There's been a lot of media coverage over the past few weeks about air traffic controllers falling asleep on the job, specifically those working the so-called graveyard shift (approximately 11PM to 7AM). While the media coverage makes it seem as if this is a new problem, I have a feeling it's far more common than the FAA is willing to admit.
Working the midnight shift is tough. Not everyone can do it. It takes a certain amount of discipline to make it work. I know this from personal experience as I worked the graveyard shift for a number of years when I was employed in the defense industry.
The FAA had controllers working swing shifts, meaning their work schedules rotated so they worked all three shifts over a period of weeks or months. That's a formula for chronic fatigue, higher absenteeism, and higher accident rates. Put another way, it's a formula for disaster, particularly for such a critical job like air traffic control.
Instead, controllers should be working the same shift all the time. It makes it easier to adapt to the off hours.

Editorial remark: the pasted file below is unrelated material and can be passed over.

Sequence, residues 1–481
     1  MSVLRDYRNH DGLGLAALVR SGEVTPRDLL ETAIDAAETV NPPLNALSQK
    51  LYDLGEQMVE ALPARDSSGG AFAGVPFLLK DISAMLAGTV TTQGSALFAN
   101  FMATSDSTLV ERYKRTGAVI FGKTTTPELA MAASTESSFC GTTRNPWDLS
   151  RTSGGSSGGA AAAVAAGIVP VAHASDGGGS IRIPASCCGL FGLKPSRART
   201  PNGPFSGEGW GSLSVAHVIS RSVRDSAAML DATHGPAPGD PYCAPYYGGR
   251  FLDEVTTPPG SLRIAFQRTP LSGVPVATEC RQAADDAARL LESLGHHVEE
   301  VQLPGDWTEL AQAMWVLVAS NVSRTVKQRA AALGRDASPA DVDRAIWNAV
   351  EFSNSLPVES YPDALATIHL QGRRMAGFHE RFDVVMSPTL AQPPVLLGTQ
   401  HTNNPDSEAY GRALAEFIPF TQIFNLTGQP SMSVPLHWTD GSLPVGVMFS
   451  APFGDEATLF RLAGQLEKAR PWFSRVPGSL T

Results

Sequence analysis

When I worked graveyard shift you could always tell when someone new to the shift would make it or not. All you had to do was ask them when they slept. If the answer was anything other than “I go to sleep at the same time every day” you knew they wouldn't last long. That was the secret to surviving the graveyard shift: going to sleep at exactly the same time every day, followed only by making sure you got enough sleep. For me it was going to bed around 8:30 in the morning and waking up sometime between 3 and 4 in the afternoon. Some of my co-workers would bed down some time after noon and wake sometime during the early evening. It was different for all of us.
What the FAA has done is make it almost impossible to set a schedule that would allow their controllers to get enough sleep. Constantly changing shifts makes it impossible. Physiologists claim it takes approximately one day for every hour of time 'shift' in our wake/sleep cycles. That means if you go from a day shift to graveyard shift, it will take a little over a week to adjust to the new sleep time (assuming bed time is now sometime around 8 in the morning rather than midnight). If the shift changes every week, then you will never adjust to the changed hours and you will be tired all the time.
Even if the shift change is on a monthly basis, there will still be at least one week where everyone will be 'off' until they adjust. It plain doesn't work that well.
Maybe it's time for the FAA to change how they do things.